"...Every school year has a Last Day as well. In the evening of the Last Day I send my husband and kids out to buy dinner while I very quickly blu-tac up a selection of their work, photos and awards from the year gone by. I set the table for dinner and just as I hear the family returning I put on some loud music and meet the kids at the door with blindfolds.
They put them on and enjoy dancing around the house until they arrive at the dinner table where they remove the blindfolds and spend a few seconds in awed silence as their memories are revealed, spread out in triumph on the wall.
Then they scoff their dinner and relive the year that was. It’s the best fun ever and a night that the kids look forward to all year."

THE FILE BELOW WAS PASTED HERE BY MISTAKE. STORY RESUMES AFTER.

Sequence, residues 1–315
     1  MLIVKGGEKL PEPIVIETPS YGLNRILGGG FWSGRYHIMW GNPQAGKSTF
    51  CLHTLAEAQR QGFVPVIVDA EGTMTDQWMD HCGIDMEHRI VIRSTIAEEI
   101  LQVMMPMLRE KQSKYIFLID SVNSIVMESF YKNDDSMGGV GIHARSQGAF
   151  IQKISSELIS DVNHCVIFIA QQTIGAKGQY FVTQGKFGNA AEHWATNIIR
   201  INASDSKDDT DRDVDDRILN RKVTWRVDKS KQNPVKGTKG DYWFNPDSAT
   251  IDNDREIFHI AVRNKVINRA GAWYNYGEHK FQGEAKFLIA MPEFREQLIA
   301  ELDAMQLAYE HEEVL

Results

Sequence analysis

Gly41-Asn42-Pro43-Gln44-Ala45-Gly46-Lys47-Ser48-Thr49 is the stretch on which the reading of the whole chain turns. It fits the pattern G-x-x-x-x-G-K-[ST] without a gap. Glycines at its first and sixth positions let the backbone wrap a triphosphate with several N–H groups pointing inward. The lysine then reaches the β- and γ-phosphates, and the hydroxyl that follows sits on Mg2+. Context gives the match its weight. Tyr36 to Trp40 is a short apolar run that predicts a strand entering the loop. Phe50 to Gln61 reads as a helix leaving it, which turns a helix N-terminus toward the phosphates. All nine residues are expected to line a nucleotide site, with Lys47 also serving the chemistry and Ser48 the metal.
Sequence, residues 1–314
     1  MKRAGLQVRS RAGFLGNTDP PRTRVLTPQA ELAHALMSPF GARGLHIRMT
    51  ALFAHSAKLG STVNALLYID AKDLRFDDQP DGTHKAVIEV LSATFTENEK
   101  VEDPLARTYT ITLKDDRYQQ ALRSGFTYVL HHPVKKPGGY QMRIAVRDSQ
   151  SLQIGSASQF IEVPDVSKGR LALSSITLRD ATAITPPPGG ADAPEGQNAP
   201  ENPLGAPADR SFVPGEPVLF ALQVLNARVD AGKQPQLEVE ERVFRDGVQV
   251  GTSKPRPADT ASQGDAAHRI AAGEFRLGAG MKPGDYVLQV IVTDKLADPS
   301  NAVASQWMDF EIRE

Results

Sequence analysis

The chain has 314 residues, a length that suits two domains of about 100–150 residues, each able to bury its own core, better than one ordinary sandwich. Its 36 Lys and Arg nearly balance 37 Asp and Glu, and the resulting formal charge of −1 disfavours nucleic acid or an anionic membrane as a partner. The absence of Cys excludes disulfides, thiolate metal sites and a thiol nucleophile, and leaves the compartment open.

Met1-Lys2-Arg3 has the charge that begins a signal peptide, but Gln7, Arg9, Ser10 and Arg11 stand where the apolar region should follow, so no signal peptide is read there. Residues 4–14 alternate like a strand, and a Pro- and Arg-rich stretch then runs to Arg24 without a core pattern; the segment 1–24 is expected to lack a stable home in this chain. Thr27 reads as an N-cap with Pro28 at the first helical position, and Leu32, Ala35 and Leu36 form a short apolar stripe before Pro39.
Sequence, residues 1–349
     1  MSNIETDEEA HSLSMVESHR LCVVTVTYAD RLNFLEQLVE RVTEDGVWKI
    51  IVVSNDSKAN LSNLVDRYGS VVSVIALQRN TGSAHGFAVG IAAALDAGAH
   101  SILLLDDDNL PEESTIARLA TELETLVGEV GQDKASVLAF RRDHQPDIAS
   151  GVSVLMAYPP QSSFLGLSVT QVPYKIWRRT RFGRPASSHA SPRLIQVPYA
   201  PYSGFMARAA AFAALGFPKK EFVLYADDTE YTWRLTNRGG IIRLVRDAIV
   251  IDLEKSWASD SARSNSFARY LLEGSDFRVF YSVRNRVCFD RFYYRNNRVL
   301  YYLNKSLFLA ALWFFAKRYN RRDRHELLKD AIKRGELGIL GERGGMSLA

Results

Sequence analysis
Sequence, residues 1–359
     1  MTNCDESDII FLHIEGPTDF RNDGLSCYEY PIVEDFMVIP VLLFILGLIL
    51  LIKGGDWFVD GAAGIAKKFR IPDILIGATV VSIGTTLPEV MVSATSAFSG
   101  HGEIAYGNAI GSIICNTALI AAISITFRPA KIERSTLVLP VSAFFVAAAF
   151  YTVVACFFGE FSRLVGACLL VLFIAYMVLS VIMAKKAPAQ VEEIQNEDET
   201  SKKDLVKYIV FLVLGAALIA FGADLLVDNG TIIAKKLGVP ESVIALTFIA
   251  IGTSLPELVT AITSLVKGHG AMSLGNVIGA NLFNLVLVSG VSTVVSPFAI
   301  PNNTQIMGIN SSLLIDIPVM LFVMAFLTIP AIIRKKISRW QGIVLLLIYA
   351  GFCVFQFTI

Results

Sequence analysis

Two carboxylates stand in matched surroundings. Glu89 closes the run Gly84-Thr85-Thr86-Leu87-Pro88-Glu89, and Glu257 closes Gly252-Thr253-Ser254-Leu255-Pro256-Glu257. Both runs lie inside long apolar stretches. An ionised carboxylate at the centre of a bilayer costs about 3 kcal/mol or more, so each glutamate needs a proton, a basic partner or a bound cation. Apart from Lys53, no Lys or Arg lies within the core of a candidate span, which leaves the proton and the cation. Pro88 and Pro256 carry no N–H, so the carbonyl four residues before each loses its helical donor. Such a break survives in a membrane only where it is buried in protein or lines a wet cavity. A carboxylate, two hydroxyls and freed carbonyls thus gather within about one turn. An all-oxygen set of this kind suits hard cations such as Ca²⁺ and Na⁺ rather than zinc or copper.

John Dewey has stated, “We do not learn from experience…we learn from reflecting on experience.”
I believe that this is a wonderful activity for all students to undertake and what makes it even more special is when it is done as a family. Reflecting is a very important skill that allows the person reflecting to develop deep meaning and understanding.
Most people would agree, in order to continually learn and improve, individuals need to engage in regular reflection.
Two questions that you could prompt your children with include:
What do you notice?
What do you feel?
Have fun and if you implement this activity with your children let me know how it goes.